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Old Jun 12, 2009, 3:37 PM   #1
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Default A Surprise visitor to the feeder

Well, I guess it pays to never say never. Just when I thought I was done with taking photos of birds. I heard a fairly loud crash outside my window.
This guy decided that he wanted some lunch today and came to the feeder about 3 more times. Enough for me to set up the E-30 with the 50-200mm ED.



He looked like a giant in comparison to all the songbirds that I've been shooting.

One thing I want to note relative to the E-30. After spending about a month with this camera, I've got to say that I'm really pleased with the output. It took a while but, I'm fairly comfortable that my settings are yielding pretty fair results. I've pretty much set up the E-30 to Sharpness -1, contrast -1, using Manual mode for birds, I leave WB and Gradation set at Auto as the camera seems to be very accurate with both.I shoot almost exclusively with Jpeg set at Large SuperFine. AF is set at center single point with spot metering.

With the settings as listed above, I really don't do a lot of PP save for the occasional auto sharpen in Photoshop Elements 6.0.

The one item I haven't mentioned is ISO. I find the E-30 puts out good images 'til ISO 400. Beyond that and you'll see some noise setting in. I'm not a noise aphobic and regularly use ISO800. Beyond that and I'm not a happy camper. But that's just me as your tastes may differ.

Couple the output along with the controls and this is one really fine camera. The best Olympus camera I've had in my hands.

Zig

BTW, it's been raining and cloudy for the last week as it is right now. So, if the image looks a bit underexposed, it's because it's pretty dark and gray right now.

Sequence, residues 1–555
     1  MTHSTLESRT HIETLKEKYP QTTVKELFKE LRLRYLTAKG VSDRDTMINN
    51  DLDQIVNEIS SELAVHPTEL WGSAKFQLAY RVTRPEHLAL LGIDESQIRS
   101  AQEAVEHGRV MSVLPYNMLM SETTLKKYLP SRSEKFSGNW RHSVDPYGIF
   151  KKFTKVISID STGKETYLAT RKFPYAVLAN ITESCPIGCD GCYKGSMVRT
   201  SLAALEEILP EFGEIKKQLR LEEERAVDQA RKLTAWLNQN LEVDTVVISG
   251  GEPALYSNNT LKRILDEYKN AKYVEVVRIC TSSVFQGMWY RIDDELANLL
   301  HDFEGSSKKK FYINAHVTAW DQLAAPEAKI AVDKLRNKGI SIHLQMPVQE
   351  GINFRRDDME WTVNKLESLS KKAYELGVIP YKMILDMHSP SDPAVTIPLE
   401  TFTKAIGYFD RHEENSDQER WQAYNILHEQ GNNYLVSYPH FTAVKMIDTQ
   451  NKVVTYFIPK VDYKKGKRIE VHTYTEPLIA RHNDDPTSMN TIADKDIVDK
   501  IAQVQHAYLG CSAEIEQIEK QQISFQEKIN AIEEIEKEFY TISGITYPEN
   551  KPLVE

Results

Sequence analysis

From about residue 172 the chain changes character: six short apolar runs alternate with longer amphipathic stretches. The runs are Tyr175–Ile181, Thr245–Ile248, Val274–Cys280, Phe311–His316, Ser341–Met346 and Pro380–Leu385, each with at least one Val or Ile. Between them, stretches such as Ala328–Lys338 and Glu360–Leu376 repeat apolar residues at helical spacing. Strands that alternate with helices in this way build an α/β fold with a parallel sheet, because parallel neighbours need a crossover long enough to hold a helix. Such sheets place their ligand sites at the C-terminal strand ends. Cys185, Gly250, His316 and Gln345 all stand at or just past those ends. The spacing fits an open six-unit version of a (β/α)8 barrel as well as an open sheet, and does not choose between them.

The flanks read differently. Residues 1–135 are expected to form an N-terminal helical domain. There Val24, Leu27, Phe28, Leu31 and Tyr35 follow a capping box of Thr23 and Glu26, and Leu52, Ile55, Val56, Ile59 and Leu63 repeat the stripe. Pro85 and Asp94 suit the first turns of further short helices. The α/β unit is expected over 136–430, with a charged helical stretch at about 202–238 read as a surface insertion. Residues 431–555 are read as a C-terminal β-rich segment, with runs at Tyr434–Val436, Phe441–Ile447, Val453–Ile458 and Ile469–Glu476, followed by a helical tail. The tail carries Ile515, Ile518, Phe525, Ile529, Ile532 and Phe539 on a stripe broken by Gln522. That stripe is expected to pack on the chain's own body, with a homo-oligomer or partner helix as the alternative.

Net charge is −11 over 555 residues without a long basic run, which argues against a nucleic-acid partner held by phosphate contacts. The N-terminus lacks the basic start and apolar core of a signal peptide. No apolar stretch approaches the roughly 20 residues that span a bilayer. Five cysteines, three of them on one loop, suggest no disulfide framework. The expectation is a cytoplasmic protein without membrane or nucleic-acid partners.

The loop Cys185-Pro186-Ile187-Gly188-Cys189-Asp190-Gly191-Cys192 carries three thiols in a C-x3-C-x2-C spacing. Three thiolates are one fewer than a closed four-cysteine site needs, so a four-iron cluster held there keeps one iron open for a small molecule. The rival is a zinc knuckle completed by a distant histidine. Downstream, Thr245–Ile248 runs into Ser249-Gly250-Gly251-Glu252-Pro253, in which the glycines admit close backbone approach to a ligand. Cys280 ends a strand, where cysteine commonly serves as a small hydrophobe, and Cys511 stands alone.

Last edited by zig-123; Jun 12, 2009 at 3:41 PM. Reason: forgot to add exposure
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Old Jun 12, 2009, 4:05 PM   #2
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Default this always happens....

No preasure to produce for a contest and subjects just flock in asking to be shot!

That's a lot of detail.

At some point you should look into the program Noiseware Professional. I apply it to E520 out-of-camera JPEG's and high ISO JPEG conversions from RAW files after everything, including sharpening, as been applied, and it's amazing how well it works and easy the program is to use. The Professional version (around $80) has a self-learning filter so there's no need to do calibrations. I would bet you'd be good to at least ISO 1600 with that program. It can be bought as a standalone program or as a Photoshop plug-in and does support 64 bit processing if you're working in that environment.
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Old Jun 12, 2009, 4:34 PM   #3
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Default Looks good zig

Jays can be very photogenic and this guy was. Nice pic
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Old Jun 12, 2009, 6:05 PM   #4